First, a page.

I imagine you like to laugh, but how do you feel about being laughed at?
We will all be laughed at by others for something, at some time, whether that is for our actions, our words, or our beliefs. Rather than 'going postal', we usually laugh it off and get on with our day, but it is my experience that even the calmest people have a sensitive spot that doesn't respond well to ridicule.
I am English by Birth and married to a Brazilian. Just this sentence often evokes laughter, because the cultural differences are so obvious. When we first met, my wife expressed a Brazilian idea:
"It's better to lose the friend than lose the joke".
This means that nothing is out of bounds and in today's PC Culture where people are easily offended, this is a radical concept.
I bravely accepted the challenge but was unprepared for the realization of the number of 'sensitive spots' that I was carrying, and the challenge to my self-image when these were pointed out. This post would be too long if I listed them all, but the number one taboo for me was making fun of my driving (I recently had to get used to driving a manual shift on the right side of the road).
When nothing is off limits to being ridiculed you develop greater self-awareness and self-leadership, you have to engage your critical thinking as to why you hold certain beliefs and behave in certain ways. Yes, it can be uncomfortable, but I am fortunate that I have received this feedback from somebody who I love, and loves me.
This is my point, holding back for fear of offending deprives that person of an opportunity for growth, but if you are going to have some fun, make sure that it comes from love.
In the case of my wife, Andrea pictured here, this is romantic love, but if you are a leader or a manager this means loving your people and seeing their potential for growth. If the word love is too 'mushy' for you then replace it with Unconditional Positive Regard (UPR). UPR was popularized by humanistic psychologist, Carl Rogers and means expressing empathy, support, and acceptance to someone, regardless of what they say or do.
Many years ago, I had an intern, Radu, who had requested regular coaching from me for his development. One morning, Radu did something that made my blood boil, I don't remember what it was but I remember being mad at him. That afternoon we had our coaching session scheduled. I realized that if I took my anger and criticism into that session I would not be a good coach. I took some breaths, let go of the past, and focussed on my unconditional positive regard for Radu. Today, Radu is a successful entrepreneur and author and credits much of his success to my coaching. How different might his trajectory have been if I had lost my cool in that coaching session?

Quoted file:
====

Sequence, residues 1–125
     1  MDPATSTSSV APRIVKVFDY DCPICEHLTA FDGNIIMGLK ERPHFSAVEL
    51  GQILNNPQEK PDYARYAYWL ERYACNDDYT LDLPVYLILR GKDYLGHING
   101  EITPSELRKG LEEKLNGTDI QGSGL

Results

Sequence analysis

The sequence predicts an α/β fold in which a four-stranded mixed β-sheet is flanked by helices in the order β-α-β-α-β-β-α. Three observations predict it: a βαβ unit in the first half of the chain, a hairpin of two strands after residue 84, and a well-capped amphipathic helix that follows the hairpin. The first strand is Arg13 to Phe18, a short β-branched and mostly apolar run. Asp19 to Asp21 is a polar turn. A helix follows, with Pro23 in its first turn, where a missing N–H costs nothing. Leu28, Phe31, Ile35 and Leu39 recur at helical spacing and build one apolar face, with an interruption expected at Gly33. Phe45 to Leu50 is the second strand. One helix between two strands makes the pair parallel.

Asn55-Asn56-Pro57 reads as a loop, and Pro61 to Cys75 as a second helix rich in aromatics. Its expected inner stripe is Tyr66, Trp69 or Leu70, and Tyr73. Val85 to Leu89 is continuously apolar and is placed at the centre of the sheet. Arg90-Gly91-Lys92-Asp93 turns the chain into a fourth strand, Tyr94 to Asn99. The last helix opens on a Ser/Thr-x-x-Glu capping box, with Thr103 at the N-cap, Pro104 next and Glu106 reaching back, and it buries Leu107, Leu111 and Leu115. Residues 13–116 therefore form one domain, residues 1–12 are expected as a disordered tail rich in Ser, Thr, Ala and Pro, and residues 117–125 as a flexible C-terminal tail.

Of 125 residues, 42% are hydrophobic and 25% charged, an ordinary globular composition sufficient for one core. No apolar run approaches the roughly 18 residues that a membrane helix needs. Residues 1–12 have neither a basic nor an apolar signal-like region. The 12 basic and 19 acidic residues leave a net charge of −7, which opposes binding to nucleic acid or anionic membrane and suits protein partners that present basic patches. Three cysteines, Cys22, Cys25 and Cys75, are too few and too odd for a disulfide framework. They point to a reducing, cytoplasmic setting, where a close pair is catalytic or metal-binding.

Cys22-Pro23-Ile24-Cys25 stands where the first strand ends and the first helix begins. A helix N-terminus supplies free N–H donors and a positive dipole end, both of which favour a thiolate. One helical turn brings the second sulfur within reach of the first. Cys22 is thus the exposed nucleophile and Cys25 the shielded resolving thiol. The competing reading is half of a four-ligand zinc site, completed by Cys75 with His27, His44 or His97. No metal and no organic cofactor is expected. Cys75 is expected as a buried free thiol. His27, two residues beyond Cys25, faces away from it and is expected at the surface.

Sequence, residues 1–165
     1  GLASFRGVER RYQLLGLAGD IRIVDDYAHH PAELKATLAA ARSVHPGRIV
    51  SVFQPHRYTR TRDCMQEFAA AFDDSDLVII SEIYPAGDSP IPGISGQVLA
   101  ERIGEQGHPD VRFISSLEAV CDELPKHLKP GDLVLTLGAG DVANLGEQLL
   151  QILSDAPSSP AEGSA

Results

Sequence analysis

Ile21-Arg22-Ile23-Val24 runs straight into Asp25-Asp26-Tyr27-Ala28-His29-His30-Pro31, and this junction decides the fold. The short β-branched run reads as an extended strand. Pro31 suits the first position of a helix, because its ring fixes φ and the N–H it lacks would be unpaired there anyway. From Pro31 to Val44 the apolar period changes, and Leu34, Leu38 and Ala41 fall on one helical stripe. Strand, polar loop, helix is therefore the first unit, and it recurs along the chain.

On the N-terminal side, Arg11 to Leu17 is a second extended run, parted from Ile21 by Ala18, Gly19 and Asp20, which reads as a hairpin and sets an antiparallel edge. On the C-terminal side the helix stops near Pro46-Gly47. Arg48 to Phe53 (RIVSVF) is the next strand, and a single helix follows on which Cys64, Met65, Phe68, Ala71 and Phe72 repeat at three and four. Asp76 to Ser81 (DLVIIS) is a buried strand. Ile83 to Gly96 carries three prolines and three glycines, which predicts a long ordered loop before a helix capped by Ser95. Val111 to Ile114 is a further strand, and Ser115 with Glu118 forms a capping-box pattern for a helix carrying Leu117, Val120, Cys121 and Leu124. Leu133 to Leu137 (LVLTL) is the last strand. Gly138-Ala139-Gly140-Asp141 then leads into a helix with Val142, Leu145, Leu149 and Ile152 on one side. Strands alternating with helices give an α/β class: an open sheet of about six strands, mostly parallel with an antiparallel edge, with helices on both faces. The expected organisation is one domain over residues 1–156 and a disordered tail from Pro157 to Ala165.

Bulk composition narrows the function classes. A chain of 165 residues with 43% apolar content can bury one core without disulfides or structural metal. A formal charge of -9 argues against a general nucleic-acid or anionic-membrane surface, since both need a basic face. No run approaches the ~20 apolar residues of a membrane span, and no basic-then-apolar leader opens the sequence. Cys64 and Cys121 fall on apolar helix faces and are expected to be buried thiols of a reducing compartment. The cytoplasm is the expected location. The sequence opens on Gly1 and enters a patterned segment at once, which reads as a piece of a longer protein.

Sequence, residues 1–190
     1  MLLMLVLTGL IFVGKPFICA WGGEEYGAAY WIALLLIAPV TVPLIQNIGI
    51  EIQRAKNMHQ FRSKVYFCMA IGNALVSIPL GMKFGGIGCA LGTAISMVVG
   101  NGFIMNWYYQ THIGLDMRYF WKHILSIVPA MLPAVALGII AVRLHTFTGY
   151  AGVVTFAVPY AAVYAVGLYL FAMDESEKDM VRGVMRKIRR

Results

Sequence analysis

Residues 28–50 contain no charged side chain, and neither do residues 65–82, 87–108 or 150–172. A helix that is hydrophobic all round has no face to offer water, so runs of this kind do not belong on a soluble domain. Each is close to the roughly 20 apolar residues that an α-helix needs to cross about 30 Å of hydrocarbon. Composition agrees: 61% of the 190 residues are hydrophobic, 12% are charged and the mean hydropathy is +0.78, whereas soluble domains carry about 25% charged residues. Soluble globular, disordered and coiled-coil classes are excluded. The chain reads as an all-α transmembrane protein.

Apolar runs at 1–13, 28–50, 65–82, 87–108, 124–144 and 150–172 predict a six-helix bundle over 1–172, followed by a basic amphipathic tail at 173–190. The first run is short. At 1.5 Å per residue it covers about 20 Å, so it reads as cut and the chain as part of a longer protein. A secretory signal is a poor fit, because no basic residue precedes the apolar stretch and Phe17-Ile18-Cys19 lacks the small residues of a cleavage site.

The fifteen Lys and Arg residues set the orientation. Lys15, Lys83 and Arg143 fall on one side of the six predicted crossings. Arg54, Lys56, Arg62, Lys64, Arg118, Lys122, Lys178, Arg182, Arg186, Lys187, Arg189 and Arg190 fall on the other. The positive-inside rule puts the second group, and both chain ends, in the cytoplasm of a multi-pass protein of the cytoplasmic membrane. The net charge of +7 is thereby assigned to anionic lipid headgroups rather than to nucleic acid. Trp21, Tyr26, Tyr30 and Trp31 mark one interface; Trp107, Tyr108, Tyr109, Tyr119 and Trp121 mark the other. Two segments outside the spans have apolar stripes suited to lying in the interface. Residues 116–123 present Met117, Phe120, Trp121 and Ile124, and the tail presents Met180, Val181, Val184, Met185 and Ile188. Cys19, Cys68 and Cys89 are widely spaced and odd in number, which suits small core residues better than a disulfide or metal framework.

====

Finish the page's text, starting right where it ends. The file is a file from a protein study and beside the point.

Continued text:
I have not always approached differences of opinion with love and UPR, I have created conflict when I have argued my position too strongly and made the other person feel belittled, and made myself look arrogant. As I have got older, and a little wiser, this happens less and I seek to show my UPR before engaging in debate.
Good comedians have the ability to get us to laugh at sensitive topics by showing how ridiculous certain perspectives can be. I love watching an edgy comedian skillfully navigate taboo topics that create divisiveness when used as talking points by politicians.
When we laugh, we step back from the situation and see things from a different viewpoint. We can all become less reactive by not taking ourselves too seriously and by embracing the insights that come from laughter. so, my advice is:
Don't ridicule others without UPR but don't lose the joke.
Don't be so sensitive that you can't see the funny side of your own beliefs and behavior.
I'm not a comedian, as my wife frequently points out, but I am a Global Speaker on Self-leadership, so I get to about taking ownership in different countries and cultures. I have learned that I only need to be funny if I want to get paid, but if I'm going to be funny not to make fun of my audience. Once I have established UPR, I can then challenge beliefs and behaviors and invite my audience to have a growth mindset.
The maxim that I employ, that I encourage you to adopt, comes from Maya Angelou:
"People don't care how much you know until they know how much you care."
BEING HUMAN WHILST DELIVERING ACCELERATED RESULTS